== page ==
2015 Resources

BOOK DISCUSSION AND EVENT RESOURCES

Visit the author's and the publisher's websites.

Use this Guide as you and your group read and discuss the book.

Explore Eastern Michigan University Library's Ann Arbor/Ypsilanti Reads Research Guides.

You can find copies of A Tale for the Time Being at the Ann Arbor District Library, the Ypsilanti District Library and in area bookstores.

Ann Arbor District Library Catalog Ypsilanti District Library Catalog

Printable Ann Arbor Ypsilanti Reads Posters for your event and for the Wednesday, February 11 author appearance at Rackham Auditorium

BIBLIOGRAPHY

Other works of fiction suggested or considered for this year's theme of A Very Good Read.

RELATED RESOURCES FOR YOUTH

This Youth Reading List, created by the Ann Arbor District Library and Ypsilanti District Library.

You can find expanded Youth lists on the AADL website for grades K-5 and grades 6-8 The lists were created by the Ann Arbor District Library and the Ypsilanti District Library.

Ann Arbor/Ypsilanti Reads Book Discussion: A Tale For The Time Being

Thursday January 22, 2015: 7:00 pm to 8:30 pm -- Downtown Library: 4th Floor Meeting Room

This event is intended for adults and teens grade 9 and up.

AADL staff will lead a discussion of A Tale For The Time Being by Ruth Ozeki, the book selected for Ann Arbor/Ypsilanti Reads 2015.

A brilliant, unforgettable novel, "A Tale For the Time Being" is an inventive, beguiling story of our shared humanity and the search for home. Published in 2014, the novel won the Medici Book Club Prize, the L.A. Times Book Prize, and was shortlisted for the Booker Prize and the National Book Critics Circle Award. The novel begins with Nao, a sixteen-year-old in Tokyo who has decided there’s only one escape from her aching loneliness and her classmates’ bullying. But before she ends it all, Nao first plans to document the life of her great grandmother, a Buddhist nun who’s lived more than a century.

A diary is Nao’s only solace—and will touch lives in ways she can scarcely imagine.

Across the Pacific, we meet another character, Ruth, a novelist living on a remote island who discovers a collection of artifacts washed ashore in a Hello Kitty lunchbox—possibly debris from the devastating 2011 tsunami.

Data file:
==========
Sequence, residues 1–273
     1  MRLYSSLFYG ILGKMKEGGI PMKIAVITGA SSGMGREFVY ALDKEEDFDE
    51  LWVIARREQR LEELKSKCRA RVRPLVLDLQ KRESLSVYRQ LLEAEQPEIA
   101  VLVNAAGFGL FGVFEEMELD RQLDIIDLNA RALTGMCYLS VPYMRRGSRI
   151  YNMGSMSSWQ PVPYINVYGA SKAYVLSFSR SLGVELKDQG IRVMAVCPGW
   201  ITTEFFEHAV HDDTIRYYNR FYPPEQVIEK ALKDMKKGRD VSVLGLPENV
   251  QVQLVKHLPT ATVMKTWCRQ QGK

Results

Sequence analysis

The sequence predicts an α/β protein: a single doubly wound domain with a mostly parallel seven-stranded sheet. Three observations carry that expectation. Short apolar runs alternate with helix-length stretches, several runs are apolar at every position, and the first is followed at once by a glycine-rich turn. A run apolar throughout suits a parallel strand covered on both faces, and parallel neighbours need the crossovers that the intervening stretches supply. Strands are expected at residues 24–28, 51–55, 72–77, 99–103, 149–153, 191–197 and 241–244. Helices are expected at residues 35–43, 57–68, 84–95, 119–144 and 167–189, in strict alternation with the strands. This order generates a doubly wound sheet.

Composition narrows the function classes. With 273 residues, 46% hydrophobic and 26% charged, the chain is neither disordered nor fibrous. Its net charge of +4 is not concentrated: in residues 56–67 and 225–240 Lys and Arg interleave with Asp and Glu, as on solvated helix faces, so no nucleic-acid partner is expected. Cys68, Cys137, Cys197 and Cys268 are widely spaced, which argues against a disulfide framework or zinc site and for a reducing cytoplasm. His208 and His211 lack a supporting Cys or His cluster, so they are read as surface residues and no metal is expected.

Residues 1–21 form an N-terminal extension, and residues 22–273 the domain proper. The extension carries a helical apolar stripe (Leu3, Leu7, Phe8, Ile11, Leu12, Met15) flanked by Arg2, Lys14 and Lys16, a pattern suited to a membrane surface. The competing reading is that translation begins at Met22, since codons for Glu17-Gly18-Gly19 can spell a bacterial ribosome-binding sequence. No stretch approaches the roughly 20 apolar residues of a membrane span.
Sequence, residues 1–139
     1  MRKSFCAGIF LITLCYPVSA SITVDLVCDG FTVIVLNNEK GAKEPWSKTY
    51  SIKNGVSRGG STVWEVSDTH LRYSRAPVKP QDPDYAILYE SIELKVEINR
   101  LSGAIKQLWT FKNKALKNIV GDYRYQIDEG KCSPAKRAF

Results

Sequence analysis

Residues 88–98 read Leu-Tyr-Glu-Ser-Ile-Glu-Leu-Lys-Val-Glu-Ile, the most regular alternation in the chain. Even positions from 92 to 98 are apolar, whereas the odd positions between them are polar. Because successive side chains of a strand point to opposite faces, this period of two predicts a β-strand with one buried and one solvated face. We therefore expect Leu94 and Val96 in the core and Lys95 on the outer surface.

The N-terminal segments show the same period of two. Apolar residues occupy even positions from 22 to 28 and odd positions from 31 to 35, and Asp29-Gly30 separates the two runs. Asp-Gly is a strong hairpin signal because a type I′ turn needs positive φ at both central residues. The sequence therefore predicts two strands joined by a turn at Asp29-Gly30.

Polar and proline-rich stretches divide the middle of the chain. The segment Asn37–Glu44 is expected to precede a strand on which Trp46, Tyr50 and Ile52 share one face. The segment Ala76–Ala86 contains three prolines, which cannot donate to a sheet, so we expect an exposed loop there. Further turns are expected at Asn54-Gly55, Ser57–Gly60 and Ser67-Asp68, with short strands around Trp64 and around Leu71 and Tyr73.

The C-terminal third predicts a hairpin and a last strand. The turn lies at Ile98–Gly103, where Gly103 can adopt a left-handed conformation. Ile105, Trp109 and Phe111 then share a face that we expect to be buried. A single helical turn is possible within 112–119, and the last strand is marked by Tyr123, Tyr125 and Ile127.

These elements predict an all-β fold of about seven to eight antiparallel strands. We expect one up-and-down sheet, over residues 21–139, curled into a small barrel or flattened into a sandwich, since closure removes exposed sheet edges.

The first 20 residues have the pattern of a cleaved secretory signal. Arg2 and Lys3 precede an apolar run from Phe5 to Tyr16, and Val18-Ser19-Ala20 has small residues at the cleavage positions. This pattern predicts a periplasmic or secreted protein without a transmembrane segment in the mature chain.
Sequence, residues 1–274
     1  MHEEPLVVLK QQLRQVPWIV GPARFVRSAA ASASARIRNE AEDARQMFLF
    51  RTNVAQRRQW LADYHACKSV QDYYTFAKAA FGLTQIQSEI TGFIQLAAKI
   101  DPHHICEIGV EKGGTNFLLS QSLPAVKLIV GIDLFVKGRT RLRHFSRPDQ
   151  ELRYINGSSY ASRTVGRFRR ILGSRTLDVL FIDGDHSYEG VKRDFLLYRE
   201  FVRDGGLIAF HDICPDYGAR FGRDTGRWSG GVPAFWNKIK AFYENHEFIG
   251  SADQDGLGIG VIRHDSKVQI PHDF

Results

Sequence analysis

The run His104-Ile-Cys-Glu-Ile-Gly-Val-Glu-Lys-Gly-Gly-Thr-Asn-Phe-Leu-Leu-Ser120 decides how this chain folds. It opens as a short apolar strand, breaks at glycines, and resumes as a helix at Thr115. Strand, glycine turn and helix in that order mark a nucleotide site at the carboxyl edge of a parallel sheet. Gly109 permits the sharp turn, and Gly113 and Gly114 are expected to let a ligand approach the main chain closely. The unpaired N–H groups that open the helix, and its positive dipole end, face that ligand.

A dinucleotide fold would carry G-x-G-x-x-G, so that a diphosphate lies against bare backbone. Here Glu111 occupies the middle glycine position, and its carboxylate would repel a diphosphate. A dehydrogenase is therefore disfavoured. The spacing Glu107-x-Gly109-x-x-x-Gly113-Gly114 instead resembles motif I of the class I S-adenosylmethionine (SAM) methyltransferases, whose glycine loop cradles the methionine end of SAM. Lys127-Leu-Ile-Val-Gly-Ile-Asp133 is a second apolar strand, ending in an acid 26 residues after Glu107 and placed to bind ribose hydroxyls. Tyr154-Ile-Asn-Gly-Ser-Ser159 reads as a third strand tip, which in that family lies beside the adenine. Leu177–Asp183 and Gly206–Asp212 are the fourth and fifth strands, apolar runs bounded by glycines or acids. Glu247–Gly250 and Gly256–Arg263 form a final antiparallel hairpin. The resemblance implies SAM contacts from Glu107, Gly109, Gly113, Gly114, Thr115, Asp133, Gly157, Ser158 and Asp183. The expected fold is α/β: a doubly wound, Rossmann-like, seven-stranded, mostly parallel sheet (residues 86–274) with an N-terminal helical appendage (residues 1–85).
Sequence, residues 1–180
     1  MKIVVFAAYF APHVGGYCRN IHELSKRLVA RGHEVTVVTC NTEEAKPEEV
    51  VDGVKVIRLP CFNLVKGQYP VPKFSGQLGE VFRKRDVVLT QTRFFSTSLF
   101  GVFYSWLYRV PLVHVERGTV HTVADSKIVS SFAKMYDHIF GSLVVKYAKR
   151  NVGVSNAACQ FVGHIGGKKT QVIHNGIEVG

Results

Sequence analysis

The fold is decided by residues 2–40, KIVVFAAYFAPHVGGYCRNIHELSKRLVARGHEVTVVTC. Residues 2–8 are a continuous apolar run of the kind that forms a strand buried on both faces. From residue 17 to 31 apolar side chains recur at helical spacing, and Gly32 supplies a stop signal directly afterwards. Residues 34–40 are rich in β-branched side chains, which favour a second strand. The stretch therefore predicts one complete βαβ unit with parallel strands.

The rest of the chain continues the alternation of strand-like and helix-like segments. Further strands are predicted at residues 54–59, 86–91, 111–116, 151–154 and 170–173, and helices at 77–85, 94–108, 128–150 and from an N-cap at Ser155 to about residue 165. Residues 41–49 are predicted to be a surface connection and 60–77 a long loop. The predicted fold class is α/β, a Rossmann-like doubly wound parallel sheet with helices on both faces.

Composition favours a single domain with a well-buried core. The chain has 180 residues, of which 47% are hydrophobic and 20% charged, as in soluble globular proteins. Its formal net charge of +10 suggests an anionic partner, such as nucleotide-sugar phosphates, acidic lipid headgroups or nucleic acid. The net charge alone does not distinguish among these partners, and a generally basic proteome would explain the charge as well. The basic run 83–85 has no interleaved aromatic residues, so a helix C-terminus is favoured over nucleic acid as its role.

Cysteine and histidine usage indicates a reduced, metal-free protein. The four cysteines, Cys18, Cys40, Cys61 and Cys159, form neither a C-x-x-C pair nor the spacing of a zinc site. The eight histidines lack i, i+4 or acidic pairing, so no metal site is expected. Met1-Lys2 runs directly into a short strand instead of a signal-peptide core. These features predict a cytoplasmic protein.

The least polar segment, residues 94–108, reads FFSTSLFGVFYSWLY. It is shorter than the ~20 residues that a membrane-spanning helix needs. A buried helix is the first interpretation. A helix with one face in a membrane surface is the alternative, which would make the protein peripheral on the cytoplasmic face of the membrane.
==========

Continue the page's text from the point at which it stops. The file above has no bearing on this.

As the mystery of its contents unfolds, Ruth is pulled into the past, into Nao’s drama and her unknown fate, and forward into her own future.

Copies of the book are available at the Ann Arbor District Library, the Ypsilanti District Library and area bookstores. For more information on Ann Arbor/Ypsilanti Reads, visit the Reads website at aaypsireads.org.

A Tale For the Time Being

A Tale For the Time Being A Tale For the Time Being, by Ruth Ozeki.

Winner of the 2014 Medici Book Club Prize, the L.A. Times Book Prize and a finalist for the Booker Prize.

In Tokyo, sixteen-year-old Nao has decided there’s only one escape from her aching loneliness and her classmates’ bullying. But before she ends it all, Nao first plans to document the life of her great grandmother, a Buddhist nun who’s lived more than a century.

A diary is Nao’s only solace—and will touch lives in ways she can scarcely imagine. Across the Pacific, we meet Ruth, a novelist living on a remote island who discovers a collection of artifacts washed ashore in a Hello Kitty lunchbox—possibly debris from the devastating 2011 tsunami.

As the mystery of its contents unfolds, Ruth is pulled into the past, into Nao’s drama and her unknown fate, and forward into her own future.

The book is full of Ozeki’s signature humor and deeply engaged with the relationship between writer and reader, past and present, fact and fiction, quantum physics, history, and myth.

What did you think of this book? Tell us!

Clone of Garden of Evening Mists

Garden of Evening Mists Garden of Evening Mists, by Tan Twan Eng.

Winner of the 2012 Man Asian Literary Prize, a new novel of love, war and memory.

Malaya, 1951. Yun Ling Teoh, the scarred lone survivor of a brutal Japanese wartime camp, seeks solace among the jungle-fringed tea plantations of Cameron Highlands. There she discovers Yugiri, the only Japanese garden in Malaya, and its owner and creator, the enigmatic Aritomo, exiled former gardener of the emperor of Japan. Despite her hatred of the Japanese, Yun Ling seeks to engage Aritomo to create a garden in memory of her sister, who died in the camp. Aritomo refuses but agrees to accept Yun Ling as his apprentice “until the monsoon comes.” Then she can design a garden for herself.